I’m going to put together a review of the Sony RX10ii, but in the meantime here is a holiday video I made with it.
I may have gotten a little carried away with the SloMo. Also this video probably isn’t that much fun if you’re not one of my friends!
More generic footage coming soon! I haven’t upgraded my Vimeo account yet so i’d suggest going there to watch it in HD.
Today I took delivery of my Sony RX10ii. If you haven’t heard about this camera it looks to be a great all rounder delivering 1080p slow motion up to 960fps in 2 second bursts. It also boasts continuous 100fps and shoots 4k 24p at 100M.
Unfortunately to use ALL of the above you need an SDXC memory card. When I purchased the camera I made the BIG mistake of buying it with a 32gb SDHC card which means you can only use it with the AVCHD codec at 50p.
So after a bit of googling (there was hardly anything on this) i’ve managed to get to the bottom of it. I think. It appears that SDHC cards up to 32gb only support the FAT32 file system which unfortunately only allows a max file size of 4gb. This is why AVCHD splits your files in to 4GB segments that you have to piece together in post.
The SDXC cards however support the more modern exFAT file system which allows much larger files to be stored. It doesn’t seem to matter whether you’re using a 90MB/S card or a Class I or II. It just has to be SDXC rather than SDHC. See a screen grab from the manual below to clarify.
I’ve ordered the card below from Amazon as a result of my woes, it ticks all the boxes from the manual.
Transcend 64GB Ultimate SDXC UHS Ultra High Speed Class 3 Memory Card
So if you’re buying an RX10ii make sure you get the right card.
Walking through the door of David M Martin’s house is a bit like stepping through a time warp. David is a ninety year old artist living in Eaglesham, Scotland. He’s the most able ninety year old I’ve ever met and, in fact maybe the oldest person I’ve ever met. We had a cup of tea to try and get to know him before setting up for the interview. We were a little nervous, being very cautious not to disturb David’s world too much.
Update: After blowing nearly £1500 on a new Retina MacBook Pro, I decided to go for the USB 3, 1TB Lacie Rugged as it was the cheaper option. I’ve had it for a week now and edited 2.5k video in Da Vinci Resolve and played with some motion graphics in Cinema 4D Lite without a hitch. Both the computer and drive are blisteringly fast. Unless you’re made of money, buy the USB 3 one!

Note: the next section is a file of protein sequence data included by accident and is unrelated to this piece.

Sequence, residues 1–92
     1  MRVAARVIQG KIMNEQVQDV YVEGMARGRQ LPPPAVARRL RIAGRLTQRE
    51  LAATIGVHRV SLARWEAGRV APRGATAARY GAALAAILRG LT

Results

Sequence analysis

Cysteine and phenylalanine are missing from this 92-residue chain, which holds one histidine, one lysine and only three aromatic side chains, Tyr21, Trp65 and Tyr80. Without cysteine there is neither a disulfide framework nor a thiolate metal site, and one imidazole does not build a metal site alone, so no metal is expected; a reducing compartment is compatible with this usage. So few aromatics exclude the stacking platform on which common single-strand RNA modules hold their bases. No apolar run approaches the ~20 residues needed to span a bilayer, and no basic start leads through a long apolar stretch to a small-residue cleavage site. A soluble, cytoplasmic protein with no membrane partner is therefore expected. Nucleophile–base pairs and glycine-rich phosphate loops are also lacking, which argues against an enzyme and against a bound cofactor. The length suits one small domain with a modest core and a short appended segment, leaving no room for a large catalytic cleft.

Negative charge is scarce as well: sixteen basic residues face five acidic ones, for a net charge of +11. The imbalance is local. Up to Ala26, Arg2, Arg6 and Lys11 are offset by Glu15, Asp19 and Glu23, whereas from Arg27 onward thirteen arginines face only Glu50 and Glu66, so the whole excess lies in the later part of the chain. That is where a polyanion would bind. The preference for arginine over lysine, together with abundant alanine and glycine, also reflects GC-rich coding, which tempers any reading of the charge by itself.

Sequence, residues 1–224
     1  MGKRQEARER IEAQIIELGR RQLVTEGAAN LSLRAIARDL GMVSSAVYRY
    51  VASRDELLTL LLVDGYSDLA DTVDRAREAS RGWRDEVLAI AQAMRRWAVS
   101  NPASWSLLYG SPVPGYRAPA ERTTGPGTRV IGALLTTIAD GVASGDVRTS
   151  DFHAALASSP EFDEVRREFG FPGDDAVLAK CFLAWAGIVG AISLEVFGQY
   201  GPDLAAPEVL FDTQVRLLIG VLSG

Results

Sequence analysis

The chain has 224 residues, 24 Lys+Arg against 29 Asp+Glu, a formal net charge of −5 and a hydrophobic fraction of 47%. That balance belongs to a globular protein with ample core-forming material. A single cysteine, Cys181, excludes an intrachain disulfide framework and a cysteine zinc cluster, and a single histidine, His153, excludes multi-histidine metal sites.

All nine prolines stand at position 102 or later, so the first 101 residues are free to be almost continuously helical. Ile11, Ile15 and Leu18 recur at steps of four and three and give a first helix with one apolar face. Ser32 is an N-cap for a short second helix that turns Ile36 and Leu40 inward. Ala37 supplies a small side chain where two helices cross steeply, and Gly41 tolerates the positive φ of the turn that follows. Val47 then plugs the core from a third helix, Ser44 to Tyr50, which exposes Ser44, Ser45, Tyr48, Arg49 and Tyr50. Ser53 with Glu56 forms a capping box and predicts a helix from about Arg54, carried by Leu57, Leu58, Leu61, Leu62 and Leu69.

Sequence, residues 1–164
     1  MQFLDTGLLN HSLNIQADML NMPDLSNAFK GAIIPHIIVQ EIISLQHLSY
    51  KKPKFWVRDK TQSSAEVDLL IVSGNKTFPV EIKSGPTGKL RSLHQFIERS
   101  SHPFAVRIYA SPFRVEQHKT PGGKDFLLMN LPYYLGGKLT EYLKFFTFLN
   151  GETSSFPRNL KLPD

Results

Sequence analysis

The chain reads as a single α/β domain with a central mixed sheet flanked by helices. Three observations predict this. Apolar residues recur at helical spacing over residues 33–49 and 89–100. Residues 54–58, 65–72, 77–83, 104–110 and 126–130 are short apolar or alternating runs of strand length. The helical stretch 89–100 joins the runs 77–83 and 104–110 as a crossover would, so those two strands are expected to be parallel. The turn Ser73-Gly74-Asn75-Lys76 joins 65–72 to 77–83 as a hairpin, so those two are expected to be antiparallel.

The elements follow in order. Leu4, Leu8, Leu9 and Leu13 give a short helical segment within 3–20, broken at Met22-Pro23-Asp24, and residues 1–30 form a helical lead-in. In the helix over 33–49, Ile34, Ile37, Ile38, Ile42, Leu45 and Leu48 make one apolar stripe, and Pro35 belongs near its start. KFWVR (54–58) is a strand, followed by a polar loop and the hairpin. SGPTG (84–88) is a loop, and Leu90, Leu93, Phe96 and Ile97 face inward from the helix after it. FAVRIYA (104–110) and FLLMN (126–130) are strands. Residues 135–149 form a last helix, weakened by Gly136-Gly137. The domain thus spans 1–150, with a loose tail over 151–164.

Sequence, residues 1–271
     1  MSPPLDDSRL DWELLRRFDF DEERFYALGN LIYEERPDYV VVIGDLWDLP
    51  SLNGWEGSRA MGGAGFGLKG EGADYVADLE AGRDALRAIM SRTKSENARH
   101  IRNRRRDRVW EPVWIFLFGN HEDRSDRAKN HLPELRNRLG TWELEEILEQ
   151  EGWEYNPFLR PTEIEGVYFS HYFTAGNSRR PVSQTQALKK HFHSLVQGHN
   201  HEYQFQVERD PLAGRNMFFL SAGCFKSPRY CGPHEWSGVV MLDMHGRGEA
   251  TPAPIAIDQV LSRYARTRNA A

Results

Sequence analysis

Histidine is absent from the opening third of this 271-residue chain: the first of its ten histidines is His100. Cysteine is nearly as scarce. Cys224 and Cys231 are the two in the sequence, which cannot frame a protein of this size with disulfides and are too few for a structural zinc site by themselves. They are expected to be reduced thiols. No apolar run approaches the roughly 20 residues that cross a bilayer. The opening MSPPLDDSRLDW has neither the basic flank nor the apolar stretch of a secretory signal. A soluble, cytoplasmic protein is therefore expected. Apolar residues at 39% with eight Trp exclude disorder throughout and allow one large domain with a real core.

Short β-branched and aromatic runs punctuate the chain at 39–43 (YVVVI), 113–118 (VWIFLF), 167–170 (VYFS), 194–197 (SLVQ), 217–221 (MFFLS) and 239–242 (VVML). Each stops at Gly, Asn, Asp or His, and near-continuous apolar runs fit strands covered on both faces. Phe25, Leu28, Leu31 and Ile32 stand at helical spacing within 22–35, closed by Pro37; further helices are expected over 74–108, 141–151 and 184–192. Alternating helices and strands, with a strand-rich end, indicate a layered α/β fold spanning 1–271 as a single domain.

I’ve been doing quite a bit of research just lately as I’m about to make a purchase of a 15″ Retina MacBook Pro. Whilst these new Macs have beautiful displays and are extremely fast, there is a compromise in terms of disk space. There is no hard drive per se in the Retina line of MacBook Pro’s, they have a similar setup to RAM where individual memory modules are soldered directly on to the main board. This is a bit of a disaster as far as upgrading goes. The same applies for memory as well. Anyway, this subject has been covered in many blog posts around the web. I’ve made the decision to get one and I need extra HDD space for all my files when editing.
There are many ways to light a scene. Whether it is a simple one person interview, a music video on set or a shooting a scene outdoors. There are also many factors to take in to account such as lens speed, natural light and the number of lights/ budget available to you.
At the moment I am planning the lighting for some live music sessions, they will be set in a warehouse with no power, so all power will come from generators outside. I want 6-8 china balls providing soft light from above the talent, it doesn’t matter if they are visible in shot because I feel they will contribute to the look and feel of the video. I want the videos to have a slight raw edge to them, they are shot and recorded in a warehouse after all. Each china ball will be home-made as the quality doesn’t need to be perfect and they aren’t going to be moving around. They are simply made up of a 16-30″ china lanterns, simple plug in lamp-holders and 40-50 watt Fluorescent Bulbs. Each bulb will output between 150 – 200 watts of equivalent tungsten power. Which is great considering we could be running off a generator!
You can see basic results in the video. It’s a nice wrap around soft light source. Once i’ve got access to the space I’ll post more videos with the final results.
You can get the parts off Amazon at the links below, just slot them together.
Round Chinese Lantern – £6.99
UK Plug with Inline Switch and Lamp Holder – £5.14
40-50w Bulb – £6.99
Total Cost – £19.12